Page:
March 18th 2013
A Small Prairie Town
Margaret Laurence describes the basis of her views on the world in her autobiographical essay “Where the World Began” to represent Canada. She states that her small prairie town constitutes the way she has formed her views. She uses the microcosm of her small town to show Canada's growth as a country through her childhood memories , the seasons of her small town, and where you are raised affects your perspective on the world. Just as Canada is a child of Uncle Sam and Lady Britannia, and is greatly influenced by both, Laurence finds her childhood is the basis from which she gained her views on the world,in the same way Canada's mistakes as a country formed the way its governed today.
Laurence shares her stories of growing up and explains that her experiences made her who she is today. She explains the summers of her prairie town as a plague,yet was always willing to push through because she knew that soon after winter would arrive. This acts as a metaphor for Canada in the sense that growing up comes with many different obstacles, and it is how we deal with these situations that define us. As Canadians “We have only just begun to value ourselves, our land , our abilities” (Laurence 330). Laurence states her eyes were opened as a child; Canada being so young is still developing and just now realizing that Canada is a country to be proud of. Just as Laurence is able to relate Canada to her memories as a child she is able to do so with the seasons of her small prairie town.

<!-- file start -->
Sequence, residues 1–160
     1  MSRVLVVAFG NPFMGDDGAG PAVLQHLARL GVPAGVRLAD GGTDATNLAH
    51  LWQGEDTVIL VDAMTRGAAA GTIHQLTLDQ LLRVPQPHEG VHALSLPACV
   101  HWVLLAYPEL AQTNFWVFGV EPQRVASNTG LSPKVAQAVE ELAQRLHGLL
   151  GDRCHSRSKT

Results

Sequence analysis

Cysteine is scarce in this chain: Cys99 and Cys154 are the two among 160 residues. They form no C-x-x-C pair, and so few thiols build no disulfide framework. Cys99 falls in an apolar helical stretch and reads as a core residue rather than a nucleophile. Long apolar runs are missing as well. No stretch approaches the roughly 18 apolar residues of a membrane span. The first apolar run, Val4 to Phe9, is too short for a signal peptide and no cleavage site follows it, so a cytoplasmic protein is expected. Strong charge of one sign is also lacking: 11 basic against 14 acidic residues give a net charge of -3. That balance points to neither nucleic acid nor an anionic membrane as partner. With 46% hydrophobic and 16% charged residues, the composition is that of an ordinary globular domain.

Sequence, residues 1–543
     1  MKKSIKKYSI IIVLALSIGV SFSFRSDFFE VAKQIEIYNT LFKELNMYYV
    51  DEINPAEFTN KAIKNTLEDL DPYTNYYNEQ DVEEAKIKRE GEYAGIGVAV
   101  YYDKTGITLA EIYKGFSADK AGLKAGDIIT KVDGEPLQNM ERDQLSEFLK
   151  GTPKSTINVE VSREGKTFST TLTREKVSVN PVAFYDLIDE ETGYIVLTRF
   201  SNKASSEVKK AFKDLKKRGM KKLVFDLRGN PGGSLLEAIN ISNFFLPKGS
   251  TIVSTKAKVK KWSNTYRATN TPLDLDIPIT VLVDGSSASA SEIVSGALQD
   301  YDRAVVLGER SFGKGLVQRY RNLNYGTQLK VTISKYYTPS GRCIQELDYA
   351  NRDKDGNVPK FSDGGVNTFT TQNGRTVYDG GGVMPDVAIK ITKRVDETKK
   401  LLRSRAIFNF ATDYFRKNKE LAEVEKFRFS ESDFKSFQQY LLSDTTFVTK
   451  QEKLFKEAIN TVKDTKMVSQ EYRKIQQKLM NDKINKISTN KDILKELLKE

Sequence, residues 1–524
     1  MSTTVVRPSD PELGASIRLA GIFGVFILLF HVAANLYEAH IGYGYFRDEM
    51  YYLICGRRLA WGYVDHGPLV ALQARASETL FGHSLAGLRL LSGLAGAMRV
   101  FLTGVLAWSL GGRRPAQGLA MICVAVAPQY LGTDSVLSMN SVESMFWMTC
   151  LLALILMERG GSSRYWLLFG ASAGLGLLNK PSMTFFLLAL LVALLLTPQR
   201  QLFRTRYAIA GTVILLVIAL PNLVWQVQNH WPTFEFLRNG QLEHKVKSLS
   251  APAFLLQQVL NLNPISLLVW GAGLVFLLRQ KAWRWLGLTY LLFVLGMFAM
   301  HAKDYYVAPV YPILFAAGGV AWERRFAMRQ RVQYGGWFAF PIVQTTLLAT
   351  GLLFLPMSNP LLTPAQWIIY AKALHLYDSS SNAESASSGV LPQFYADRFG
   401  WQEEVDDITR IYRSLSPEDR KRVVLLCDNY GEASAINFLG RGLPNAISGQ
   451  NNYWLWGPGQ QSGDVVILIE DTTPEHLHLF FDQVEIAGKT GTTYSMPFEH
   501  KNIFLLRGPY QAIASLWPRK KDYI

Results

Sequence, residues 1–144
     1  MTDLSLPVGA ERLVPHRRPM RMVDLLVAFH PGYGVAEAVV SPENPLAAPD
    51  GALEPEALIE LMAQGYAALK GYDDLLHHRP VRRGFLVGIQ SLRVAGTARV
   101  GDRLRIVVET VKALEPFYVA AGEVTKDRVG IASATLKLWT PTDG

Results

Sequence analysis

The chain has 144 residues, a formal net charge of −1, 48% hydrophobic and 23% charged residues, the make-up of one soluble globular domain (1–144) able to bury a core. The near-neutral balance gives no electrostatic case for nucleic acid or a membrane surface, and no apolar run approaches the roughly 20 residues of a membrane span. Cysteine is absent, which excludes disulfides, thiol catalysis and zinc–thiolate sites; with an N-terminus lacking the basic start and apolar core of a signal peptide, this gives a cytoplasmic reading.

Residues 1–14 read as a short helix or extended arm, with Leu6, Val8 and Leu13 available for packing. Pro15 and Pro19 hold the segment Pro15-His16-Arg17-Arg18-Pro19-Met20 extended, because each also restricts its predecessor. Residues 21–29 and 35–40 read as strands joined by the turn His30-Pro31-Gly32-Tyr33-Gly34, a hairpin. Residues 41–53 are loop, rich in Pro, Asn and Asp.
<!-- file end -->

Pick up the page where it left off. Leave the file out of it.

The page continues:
Laurence loves her prairie town, the winter and spring come with many marvels. However, every year she is plagued with drought during the summer. She realizes that everything can not be perfect and relates this to Canada's past. Laurence realizes “in the deepest and most hidden caves of the heart that anything can happen anywhere, for the seeds of both man's freedom and his captivity are Maclean 2
Cited: Laurence, Margaret. “Where the World Began.” Viewpoints 11.Joseph,Amanda and Mathieu, Wendy. Toronto : Prentice Hall, 2001. 326-332.Print.
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